We talk to a lot of folks at nonprofits who aren’t happy with their organization’s website. Usually, the site is failing to connect with audiences and accurately reflect who they are. Oh, and in almost all cases, it looks dated and stale. As a result, organizations sometimes ask us to “refresh” or “reskin” their website. In other words, they want the design of their site updated so it looks more modern, but want the existing structure, navigation, and technology to remain in place. While there’s nothing wrong with wanting your site to look better, asking for a design refresh like this can be a band-aid fix for much deeper problems.
Every website is built on four foundations: brand, design, technology, and content. If your site isn’t performing, you need to invest in a redesign that takes all four of these elements into account—assessing how each serves your users’ needs and impacts their experience of your website. Why? Because on average, users only spend 10-20 seconds on a web page before they leave, and according to a 2006 study, they can develop an opinion of your organization after as little as 50 milliseconds of being on your site. That means it needs to make a good impression on all fronts quickly, or else you risk losing potential advocates. If your website has been “refreshed” to look modern, but users still can’t find the information they’re looking for, they’re not likely to stay interested for long.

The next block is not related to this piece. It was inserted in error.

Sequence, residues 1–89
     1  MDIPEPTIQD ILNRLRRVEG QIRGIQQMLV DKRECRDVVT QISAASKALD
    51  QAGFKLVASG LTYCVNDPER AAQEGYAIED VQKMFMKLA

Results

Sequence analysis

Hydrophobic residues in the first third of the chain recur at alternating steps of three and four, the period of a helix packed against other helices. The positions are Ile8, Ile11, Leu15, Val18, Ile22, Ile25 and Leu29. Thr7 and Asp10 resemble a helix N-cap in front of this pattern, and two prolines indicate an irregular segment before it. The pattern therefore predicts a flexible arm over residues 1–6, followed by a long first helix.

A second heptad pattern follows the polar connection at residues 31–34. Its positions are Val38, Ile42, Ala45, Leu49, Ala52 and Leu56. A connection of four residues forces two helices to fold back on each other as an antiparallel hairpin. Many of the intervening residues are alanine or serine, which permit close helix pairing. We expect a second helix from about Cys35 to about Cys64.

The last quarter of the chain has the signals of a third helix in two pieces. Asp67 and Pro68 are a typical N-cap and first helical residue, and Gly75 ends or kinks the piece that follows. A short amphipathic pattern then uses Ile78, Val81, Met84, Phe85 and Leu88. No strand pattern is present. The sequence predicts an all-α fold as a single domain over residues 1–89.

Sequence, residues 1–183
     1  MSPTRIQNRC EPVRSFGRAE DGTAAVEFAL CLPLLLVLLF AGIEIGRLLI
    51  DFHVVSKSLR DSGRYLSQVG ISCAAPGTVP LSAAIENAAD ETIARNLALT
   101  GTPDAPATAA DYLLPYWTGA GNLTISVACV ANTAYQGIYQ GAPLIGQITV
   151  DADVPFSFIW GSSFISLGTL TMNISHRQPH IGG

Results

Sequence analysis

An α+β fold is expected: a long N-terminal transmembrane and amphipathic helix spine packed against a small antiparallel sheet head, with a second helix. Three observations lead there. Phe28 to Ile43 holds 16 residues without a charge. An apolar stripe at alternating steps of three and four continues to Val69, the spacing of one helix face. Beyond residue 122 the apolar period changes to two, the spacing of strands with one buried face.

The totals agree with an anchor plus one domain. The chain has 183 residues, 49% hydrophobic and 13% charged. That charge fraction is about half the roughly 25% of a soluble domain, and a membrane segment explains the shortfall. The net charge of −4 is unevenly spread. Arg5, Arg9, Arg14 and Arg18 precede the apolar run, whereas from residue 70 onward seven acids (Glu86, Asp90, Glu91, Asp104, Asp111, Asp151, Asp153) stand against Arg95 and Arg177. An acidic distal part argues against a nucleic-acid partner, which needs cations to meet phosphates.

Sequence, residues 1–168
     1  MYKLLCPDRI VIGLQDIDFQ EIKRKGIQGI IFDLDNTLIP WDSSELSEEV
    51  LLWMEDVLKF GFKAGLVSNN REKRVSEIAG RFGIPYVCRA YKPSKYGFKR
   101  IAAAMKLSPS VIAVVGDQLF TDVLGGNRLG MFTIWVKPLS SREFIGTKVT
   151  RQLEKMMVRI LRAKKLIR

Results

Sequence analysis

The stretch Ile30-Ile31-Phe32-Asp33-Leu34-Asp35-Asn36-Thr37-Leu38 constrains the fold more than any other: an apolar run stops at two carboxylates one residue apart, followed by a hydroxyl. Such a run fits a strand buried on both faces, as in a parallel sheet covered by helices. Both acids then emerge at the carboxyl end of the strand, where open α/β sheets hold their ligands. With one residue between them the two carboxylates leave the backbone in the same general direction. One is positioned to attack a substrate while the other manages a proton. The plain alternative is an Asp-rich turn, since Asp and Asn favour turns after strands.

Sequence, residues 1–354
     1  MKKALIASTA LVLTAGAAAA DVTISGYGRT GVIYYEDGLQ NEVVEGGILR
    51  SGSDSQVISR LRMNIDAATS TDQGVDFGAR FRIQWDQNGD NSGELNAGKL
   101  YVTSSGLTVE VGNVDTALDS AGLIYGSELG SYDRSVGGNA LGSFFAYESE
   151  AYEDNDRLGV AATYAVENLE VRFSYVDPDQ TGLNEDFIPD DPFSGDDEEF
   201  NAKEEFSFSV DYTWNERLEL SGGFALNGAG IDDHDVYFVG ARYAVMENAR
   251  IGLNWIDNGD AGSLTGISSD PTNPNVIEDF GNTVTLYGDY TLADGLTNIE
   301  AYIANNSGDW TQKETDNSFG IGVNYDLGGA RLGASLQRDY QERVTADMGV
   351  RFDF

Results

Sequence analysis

“Okay,” you’re thinking, “that’s all well and good, but what if I don’t have the budget for such a big overhaul right now?”
Start with something you know. Content is one of the most important elements of a good website, and if you work for a nonprofit, chances are you and the people around you are adept communicators. So why not rewrite the content on your website? We like to call it content design—and we offer it as a unique service—because the way you write, format, and structure the words on your is site should have as much intention behind it as visual design. This quote by designer Jeffrey Zeldman says it all: “Content precedes design. Design in the absence of content is not design, it’s decoration.”
In fact, if you know your organization wants to more fully redesign its website in the future, getting your hands dirty with content now will give you a good understanding of what’s currently on your site, and in what ways it might be falling short. So if your site’s visual design isn’t compelling enough to make a quick impression, and you don’t currently have the budget for a full redesign, try putting your communications skills to work by redesigning your website’s content. Here’s how: